(Reuters) – Top U.S. and European central bankers on Tuesday called for renewed government spending to support families and businesses as the battle against the coronavirus recession enters a newly critical phase.
The growth in new cases of COVID-19 is again accelerating in parts of the United States and Europe, raising the possibility of new restrictions on commerce even as whole industries and millions of households are still reeling from those imposed in the spring during the first viral wave.
Those health risks and the possibility of a long “slog” of slow growth and elevated joblessness means the United States remains at risk of a “recessionary dynamic” where persistent weak growth feeds on itself through successive rounds of layoffs and business failures, Federal Reserve Chair Jerome Powell told a business conference.
Early action from the Fed and the approval by Congress of trillions of dollars in direct aid to companies and families has avoided the worst outcomes “so far,” Powell said.
But “the expansion is still far from complete,” and if U.S. officials grow stingy about further help it “would lead to a weak recovery, creating unnecessary hardship for households and businesses,” Powell said, while in contrast “the risks of overdoing it seem, for now, to be smaller. Even if policy actions ultimately prove to be greater than needed they will not go to waste. The recovery will be stronger and move faster.”
“These weeks are extremely critical not only for the public health issue but also for consumer confidence and investor confidence,” said European Central Bank executive board member Philip Lane. “We are seeing some resurgence (in the virus) and…some degree of new restrictions…In the near term, there’s no doubt, it’s the case that we need a forceful fiscal response for good macro outcomes.”
Both men delivered their remarks online to a meeting of the National Association for Business Economics, bolstering what has now become a staple message from central bankers: Concerns about high levels of public debt are currently secondary to keeping households and businesses afloat through the record-setting crash in consumption, investment and jobs sparked by the pandemic.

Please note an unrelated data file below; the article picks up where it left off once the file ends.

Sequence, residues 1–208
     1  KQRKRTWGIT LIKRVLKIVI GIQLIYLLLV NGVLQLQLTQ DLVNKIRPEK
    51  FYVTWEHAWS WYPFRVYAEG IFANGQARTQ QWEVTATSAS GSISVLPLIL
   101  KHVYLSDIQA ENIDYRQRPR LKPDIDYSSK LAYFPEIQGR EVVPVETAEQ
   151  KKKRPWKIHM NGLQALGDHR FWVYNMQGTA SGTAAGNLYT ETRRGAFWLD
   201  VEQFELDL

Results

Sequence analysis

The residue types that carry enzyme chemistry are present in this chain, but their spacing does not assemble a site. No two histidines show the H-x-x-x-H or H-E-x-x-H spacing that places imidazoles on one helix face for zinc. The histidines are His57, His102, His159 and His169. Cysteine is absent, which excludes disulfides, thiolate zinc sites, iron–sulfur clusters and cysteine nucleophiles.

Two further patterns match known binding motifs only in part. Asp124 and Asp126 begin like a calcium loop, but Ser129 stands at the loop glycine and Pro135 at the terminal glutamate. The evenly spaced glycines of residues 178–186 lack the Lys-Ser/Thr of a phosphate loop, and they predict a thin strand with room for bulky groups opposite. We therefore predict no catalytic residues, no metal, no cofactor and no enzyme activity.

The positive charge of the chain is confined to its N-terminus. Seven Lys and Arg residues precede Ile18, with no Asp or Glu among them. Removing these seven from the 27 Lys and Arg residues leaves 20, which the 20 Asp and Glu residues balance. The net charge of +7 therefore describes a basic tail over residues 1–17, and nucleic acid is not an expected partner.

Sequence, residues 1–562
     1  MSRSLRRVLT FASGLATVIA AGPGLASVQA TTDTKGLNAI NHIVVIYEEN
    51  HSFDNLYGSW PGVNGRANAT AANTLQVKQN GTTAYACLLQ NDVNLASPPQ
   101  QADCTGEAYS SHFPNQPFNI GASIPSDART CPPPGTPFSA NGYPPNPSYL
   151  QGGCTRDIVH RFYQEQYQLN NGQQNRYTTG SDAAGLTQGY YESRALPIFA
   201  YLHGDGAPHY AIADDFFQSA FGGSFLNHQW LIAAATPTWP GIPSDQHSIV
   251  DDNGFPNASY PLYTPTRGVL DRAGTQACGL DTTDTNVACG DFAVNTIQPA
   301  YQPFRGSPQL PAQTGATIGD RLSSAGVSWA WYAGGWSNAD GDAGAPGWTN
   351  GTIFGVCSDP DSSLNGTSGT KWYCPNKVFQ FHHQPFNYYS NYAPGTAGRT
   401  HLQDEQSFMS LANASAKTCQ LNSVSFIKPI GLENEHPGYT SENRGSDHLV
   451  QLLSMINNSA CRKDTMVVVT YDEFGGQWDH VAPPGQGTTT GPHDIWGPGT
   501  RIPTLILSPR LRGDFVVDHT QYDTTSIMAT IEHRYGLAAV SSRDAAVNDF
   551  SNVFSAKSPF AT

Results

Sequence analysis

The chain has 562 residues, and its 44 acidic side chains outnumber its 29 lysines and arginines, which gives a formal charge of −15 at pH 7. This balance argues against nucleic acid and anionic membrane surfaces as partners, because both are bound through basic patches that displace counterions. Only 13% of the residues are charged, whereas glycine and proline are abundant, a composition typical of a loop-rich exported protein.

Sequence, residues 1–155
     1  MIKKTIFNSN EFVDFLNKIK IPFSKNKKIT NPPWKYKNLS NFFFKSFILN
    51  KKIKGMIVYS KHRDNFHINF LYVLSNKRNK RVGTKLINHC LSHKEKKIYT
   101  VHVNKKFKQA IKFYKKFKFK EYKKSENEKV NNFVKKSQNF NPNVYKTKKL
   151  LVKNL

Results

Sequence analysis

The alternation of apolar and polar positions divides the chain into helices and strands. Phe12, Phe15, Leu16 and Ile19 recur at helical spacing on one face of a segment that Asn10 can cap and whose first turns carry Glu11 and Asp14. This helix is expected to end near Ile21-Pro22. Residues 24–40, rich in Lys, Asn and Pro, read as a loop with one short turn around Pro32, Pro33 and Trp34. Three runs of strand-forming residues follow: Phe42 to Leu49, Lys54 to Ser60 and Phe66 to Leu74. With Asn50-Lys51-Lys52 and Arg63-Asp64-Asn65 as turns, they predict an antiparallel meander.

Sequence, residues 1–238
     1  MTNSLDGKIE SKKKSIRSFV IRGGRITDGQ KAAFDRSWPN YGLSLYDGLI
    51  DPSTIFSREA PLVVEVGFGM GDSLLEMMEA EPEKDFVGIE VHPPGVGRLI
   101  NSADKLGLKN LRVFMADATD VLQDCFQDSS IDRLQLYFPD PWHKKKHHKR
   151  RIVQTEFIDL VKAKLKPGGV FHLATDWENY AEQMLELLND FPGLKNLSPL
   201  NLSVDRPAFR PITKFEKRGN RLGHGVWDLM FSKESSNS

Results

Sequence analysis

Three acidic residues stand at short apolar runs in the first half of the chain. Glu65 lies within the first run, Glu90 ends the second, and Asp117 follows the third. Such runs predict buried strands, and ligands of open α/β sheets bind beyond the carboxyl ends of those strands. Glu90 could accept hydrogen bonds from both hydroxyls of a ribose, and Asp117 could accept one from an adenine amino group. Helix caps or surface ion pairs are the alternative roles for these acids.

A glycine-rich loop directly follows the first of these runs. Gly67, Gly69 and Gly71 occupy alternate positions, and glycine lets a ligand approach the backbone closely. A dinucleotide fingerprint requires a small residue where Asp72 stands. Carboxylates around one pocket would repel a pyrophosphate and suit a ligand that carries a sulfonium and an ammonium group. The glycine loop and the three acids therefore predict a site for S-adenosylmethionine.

Bank of Japan Governor Haruhiko Kuroda will address the same conference later on Tuesday, at 7 p.m. EDT (2300 GMT).
BETTER TOO MUCH THAN TOO LITTLE
At least in the United States, the rebound from that crash was, at first, stronger than expected – largely because a variety of federal government and Federal Reserve programs “substantially muted the normal recessionary dynamics that occur in a downturn,” with fewer bankruptcies and fewer permanent layoffs than would have occurred otherwise, Powell said.
The record in Europe has been spottier. Goldman Sachs estimates the U.S. economy will contract 3.5% in 2020, while gross domestic product in the euro area will fall by 7.9% – and nations including France, Italy and Spain could see double-digit declines.
But even in the United States, the pace of recovery “has moderated,” from earlier this year and with that slowing comes the risk “that the rapid initial gains from reopening may transition to a longer-than-expected slog back to full recovery,” Powell said.
That sort of prolonged slowing, he warned, could “trigger typical recessionary dynamics as weakness feeds on weakness.
In that situation, he said, officials should risk doing too much for those in need rather than too little, an implicit call on members of Congress and the Trump administration to aim high in their still-stalemated deliberations over how much more to spend on aid for households and businesses. Members of Congress and the Trump administration are negotiating over further fiscal programs of perhaps $2 trillion or more.
The comments mark a slight shift in Powell’s analysis of where the economy stands at a moment when the virus continues to spread and the economy divides between sectors and people doing well and those facing serious trouble. Where his earlier rhetoric focused on building a financial “bridge” to the post-pandemic era, he has now suggested that even a recovery that slips into too low a gear could devolve into a self-fulfilling recession.
“The economy is recovering, but even if we don’t have an immediate double-dip recession, if it’s just a very, very slow recovery, that itself could be problematic,” said Kathy Bostjancic, chief U.S. financial economist with Oxford Economics.
Reporting by Howard Schneider and Balazs Koranyi; Additional reporting by Ann Saphir; Editing by Andrea Ricci